Deep Soap: ‘General Hospital’s Curious Franco Factor

by | July 5, 2010 at 7:37 AM | Deep Soap

James Franco on General Hospital (ABC)

James Franco on General Hospital (ABC)

Today In James Franco: The New York Times Leaves Out The Interesting Part of the Story

Franco’s back on ‘General Hospital.’ So far, his appearances have precisely mirrored his initial run on the show, with him roaming around town disguised as a bum before cleaning up and preparing to wreak havoc.

This time around, I know it’s going to be a campy, ridiculous storyline that will once again make  Jason (Steve Burton) the hero. My lowered expectations will probably make for a better viewing experience.  What has changed is that the mainstream media coverage has gone from “Why the hell is James Franco doing this?” to “James Franco is an ambitious performance artist.”  It’s an interesting study in how soaps are covered by those who don’t watch soaps.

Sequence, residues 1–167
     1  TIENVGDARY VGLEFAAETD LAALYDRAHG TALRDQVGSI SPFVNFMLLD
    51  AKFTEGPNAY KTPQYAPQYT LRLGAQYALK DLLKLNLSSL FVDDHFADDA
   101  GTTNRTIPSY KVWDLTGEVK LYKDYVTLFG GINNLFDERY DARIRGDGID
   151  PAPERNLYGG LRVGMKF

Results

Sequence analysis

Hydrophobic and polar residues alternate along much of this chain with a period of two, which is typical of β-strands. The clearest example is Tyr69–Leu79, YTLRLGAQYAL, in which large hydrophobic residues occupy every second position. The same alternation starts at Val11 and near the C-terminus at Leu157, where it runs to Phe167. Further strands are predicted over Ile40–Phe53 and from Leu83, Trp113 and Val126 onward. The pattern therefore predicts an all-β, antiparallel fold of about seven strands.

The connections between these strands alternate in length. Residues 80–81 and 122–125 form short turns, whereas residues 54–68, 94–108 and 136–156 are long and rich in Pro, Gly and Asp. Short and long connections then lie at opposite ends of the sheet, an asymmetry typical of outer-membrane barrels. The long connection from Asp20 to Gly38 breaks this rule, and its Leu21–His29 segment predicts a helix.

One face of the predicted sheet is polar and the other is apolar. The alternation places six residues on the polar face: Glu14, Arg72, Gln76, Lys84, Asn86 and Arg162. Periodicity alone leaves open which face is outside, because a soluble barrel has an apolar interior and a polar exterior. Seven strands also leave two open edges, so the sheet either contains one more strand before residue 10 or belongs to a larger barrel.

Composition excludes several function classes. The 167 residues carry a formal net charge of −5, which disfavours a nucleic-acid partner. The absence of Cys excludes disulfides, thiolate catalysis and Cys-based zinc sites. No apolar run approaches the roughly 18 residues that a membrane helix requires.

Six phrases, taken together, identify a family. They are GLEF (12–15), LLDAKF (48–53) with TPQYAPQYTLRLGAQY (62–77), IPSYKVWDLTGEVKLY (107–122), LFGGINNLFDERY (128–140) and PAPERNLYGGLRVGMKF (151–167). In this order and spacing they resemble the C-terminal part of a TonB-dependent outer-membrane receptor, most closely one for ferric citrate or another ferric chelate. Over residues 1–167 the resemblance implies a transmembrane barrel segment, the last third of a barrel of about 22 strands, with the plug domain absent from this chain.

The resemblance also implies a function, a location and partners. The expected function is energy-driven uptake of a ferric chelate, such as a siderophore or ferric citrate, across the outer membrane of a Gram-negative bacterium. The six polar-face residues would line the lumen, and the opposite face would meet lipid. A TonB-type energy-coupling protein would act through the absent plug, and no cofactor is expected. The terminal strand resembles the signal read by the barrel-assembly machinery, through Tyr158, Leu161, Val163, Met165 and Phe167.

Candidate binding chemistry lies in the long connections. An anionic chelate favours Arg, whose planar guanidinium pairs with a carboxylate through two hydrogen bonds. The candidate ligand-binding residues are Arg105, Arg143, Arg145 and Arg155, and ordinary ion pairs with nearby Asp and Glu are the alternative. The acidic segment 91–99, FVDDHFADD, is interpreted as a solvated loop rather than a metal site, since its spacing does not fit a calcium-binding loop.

The ‘General Hospital‘ location shoot at the Museum of Contemporary Art even serves as a centerpiece for a New York Times profile on MOCA’s new director, Jeffery Deitch, who, like every other person James Franco has ever met, will be making a cameo appearance on GH. Here’s how The Times described the scene: “That the museum had become a soap opera set was pure Deitch, for better or worse: stuntlike, crazily experimental, scrambling high and low culture, risking ridicule and seeming not to care much when it rains down on his head.”  It’s a typical NY Times take on soap operas.  Here’s the funny part: the museum board member quoted about the hiring of controversial Deitch is Maria Bell, yes, the headwriter of ‘The Young & The Restless,’ who made the acquisition a Damien Hirst shark in formaldehyde a key plot point in a Y&R story. Bell is quoted as saying, “Why not be nimble enough to add programming that can be done in a shorter time, to be tapping into the contemporary art world as it’s happening?” Curiously, the Times never mentions Bell’s soap connection, which, to me, says a lot more about how ridiculous it is to divide art into high and low culture than any location shoot ever could.